[0:10:45.8] AA: Let’s just take one step back in terms of like comparing – , we’ve had lots of conversations on this podcast, if people have been listening about GDPR and things that are happening. , the impact there and some of our predictions were that essentially GDPR would almost become like a global standard because it’s very difficult for a company to essentially comply with a regulation.

Borders are much less, are basically meaningless in the cyber world, so you just don’t know where your customers are from and who you’re interacting with so it’s in some ways easier to comply with like the strictest of regulations.

[0:11:24.2] SC: Absolutely.

[0:11:26.9] AA: HIPAA has been the other sort of like, guiding principle, I think in my conversations that - prior to GDPR, that was sort of the strictest regulation around, , maybe some of the guidelines around credit card data, from at least a technical perspective, sort of the strictest regulations but certainly not the sort of rights of an individual whereas, sort of involved in that regulation. Walk us through sort of the differences with the largest ones between HIPAA and GDPR. 

Is that like right to be forgotten and right to portability or are there other ones that you wanted to see.

[0:12:05.4] SC: Sure, when you’ve certainly touched on two of the most significant that we have a very difficult time operationalizing and healthcare today. The right to be forgotten in and of itself presents some very interesting patients, safety challenges, operational challenges for healthcare. In other words, while I think we understand fundamentally, the fact that our processes and our systems should be able to perform to that level, one of the challenges what we have is that we’ve tended to hoard data in healthcare or duplicate data in healthcare over retain patient data and healthcare as a compensatory control for patient safety.

In other words, medication list for example re always a hot button topic and the correct medications list for a patient across that patient’s provider ecosystem is often riddled with errors, there is no single source of truth, there’s no way to sort of operationalize a change in a physician office and have that change then translate it to every other place where that patient has a record.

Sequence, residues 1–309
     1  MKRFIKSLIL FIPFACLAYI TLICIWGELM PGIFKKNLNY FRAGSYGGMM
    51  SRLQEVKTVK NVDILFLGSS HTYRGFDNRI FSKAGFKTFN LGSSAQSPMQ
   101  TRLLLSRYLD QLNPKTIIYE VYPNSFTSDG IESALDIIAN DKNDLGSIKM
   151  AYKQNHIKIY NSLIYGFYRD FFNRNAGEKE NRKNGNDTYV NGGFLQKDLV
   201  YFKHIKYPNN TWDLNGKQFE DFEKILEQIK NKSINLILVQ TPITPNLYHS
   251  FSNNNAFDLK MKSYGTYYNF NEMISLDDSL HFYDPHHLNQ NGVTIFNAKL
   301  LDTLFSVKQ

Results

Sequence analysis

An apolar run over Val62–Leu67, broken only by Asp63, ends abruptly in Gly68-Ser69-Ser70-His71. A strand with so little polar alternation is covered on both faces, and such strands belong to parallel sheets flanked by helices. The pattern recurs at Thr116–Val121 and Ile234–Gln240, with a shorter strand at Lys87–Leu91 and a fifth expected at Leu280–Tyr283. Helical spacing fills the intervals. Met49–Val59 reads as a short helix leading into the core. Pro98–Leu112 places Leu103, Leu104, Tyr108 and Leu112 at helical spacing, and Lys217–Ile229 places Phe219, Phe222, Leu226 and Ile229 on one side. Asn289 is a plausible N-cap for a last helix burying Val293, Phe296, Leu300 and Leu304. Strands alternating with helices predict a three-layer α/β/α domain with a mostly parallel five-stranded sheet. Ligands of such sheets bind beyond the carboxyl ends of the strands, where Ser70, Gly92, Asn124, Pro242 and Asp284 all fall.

This idea of , the right to be forgotten, to be deleted if you will, out of a system, sort of rubs against what our philosophies and practices have been to sort of again keep hold off data particularly at the risk of creating some sort of patient safety risk or event. But, that being said, the drivers for the right to be forgotten from the privacy point of view and from privacy advocates point of view, makes a lot of sense and our systems should be able to perform to that.

The portability, again, I think the example that I just gave also expresses and illustrates some of the challenges on the portability side. We should not have the issues and challenges that we do in porting information, form one system to another and , it shouldn’t be a patient’s responsibility solely to make that happen. We need to have electronic systems and interoperability that make it easier for data to flow from one source to another in order to provide the proper care for patients and mindful of patient safety.

I think the biggest thing and one of the more interesting pieces of GDPR really is about this question of data ownership. People will say, right? That patients have always owned their data but , in my experience over the last 15 years, health systems, payers also feel an incredible sense of right and ownership over patient data and the data that’s in their possession and under their stewardship. This is something that Seema Verma, the CMS administrator has spoken extensively about, since she has assumed her ten year and has been increasingly vocal about this topic of patient’s rights to their data and transparency of all data, healthcare data to patients.